I posted a mavenised project of the OpenDMK here if you're interested.

I am implementing a basic JMX client for java-agents using netty, and it optionally supports asynchronous JMX requests. Responses are delivered through a registered listener which is like a "reverse" MBeanServerConnection. In case this is useful, find the source here.

share|improve this answer
The central broker dependency is not a problem for me as the apps in question already exist in production and its proven to work as desired. The apps mostly "phone home" rather than talk to each other. Thanks for the suggestion of using OpenDMK. I't has come up when looking for answers but before committing to writing something at that level I would like to completely rule out the possibility of a simpler already available solution. – Miguel Coquet Dec 20 '12 at 15:40

Jolokia ( is also a great project for remote accessing JMX using REST and JSON. It does this automatic for you. And support batch operations as well. I suggest to take a look at that.

If you use JMX to get AMQ statistics then it offers a plugin, so you can just using JMS messaging to get the stats instead of JMX:

share|improve this answer
Thanks for the suggestion. It doesn't solve my problem as I'm not guaranteed that the "clients" will be able to expose a network port for inbound traffic but I'll definitely look into jolokia. Looks interesting. – Miguel Coquet Dec 20 '12 at 15:45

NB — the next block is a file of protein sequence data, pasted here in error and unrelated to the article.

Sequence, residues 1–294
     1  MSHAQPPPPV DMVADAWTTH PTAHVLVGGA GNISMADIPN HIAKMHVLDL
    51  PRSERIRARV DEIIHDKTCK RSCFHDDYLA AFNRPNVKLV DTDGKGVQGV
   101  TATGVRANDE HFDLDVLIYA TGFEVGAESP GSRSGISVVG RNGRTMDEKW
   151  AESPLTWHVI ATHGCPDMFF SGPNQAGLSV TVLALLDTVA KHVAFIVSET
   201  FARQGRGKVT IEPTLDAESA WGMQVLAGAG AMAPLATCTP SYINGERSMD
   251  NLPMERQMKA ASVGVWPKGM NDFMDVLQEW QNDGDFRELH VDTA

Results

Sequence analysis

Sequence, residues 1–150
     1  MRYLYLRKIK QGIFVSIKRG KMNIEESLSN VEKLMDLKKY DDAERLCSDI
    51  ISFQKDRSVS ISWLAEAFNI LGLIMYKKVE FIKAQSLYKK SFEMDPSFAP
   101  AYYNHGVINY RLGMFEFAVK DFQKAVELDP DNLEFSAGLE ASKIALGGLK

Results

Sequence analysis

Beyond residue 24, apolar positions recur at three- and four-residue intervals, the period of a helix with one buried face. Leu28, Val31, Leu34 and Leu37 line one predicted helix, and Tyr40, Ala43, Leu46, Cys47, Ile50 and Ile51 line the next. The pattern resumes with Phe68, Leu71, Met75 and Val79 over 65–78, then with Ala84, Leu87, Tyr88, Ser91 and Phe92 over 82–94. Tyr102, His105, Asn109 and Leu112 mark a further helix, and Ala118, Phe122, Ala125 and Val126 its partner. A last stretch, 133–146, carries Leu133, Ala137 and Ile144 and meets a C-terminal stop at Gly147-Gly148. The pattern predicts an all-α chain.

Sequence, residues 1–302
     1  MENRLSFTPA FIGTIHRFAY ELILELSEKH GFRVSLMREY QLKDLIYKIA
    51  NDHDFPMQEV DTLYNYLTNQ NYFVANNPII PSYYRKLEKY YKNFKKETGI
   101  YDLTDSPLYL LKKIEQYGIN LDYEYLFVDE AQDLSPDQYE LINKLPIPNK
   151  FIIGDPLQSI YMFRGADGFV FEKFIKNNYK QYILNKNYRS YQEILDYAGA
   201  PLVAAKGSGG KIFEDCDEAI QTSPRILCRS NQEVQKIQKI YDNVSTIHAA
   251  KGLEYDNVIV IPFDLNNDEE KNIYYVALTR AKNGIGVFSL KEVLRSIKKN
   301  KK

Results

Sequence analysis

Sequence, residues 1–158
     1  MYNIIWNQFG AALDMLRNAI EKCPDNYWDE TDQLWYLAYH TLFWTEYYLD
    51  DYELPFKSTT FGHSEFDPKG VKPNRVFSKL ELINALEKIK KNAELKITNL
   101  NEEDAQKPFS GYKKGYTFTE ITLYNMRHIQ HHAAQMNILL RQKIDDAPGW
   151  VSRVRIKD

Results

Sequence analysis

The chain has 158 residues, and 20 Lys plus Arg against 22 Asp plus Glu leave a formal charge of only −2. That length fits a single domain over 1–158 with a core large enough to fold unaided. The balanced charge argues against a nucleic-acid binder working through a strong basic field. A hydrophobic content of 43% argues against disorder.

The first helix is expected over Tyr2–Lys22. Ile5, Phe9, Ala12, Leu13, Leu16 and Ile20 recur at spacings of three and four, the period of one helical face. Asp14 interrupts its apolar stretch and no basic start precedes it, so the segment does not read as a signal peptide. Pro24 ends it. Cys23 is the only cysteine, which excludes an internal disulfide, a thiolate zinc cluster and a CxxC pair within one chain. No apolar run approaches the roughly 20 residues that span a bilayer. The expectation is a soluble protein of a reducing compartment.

I would use JMS to discover the URLs of the servers I am interested in and use plain JMX from then on. I don't see the advantage of sending every RMI call over JMS.

share|improve this answer
unfortunately network access to the RMI port is not guaranteed. – Miguel Coquet Dec 19 '12 at 12:10
I assume you have access via JMS as it's something they have to allow already. – Peter Lawrey Dec 19 '12 at 13:44
the clients have free outbound access, my problem is enabling RMI inbound on the clients (which is not permitted). – Miguel Coquet Dec 20 '12 at 15:32

Your Answer


By posting your answer, you agree to the privacy policy and terms of service.

Not the answer you're looking for? Browse other questions tagged or ask your own question.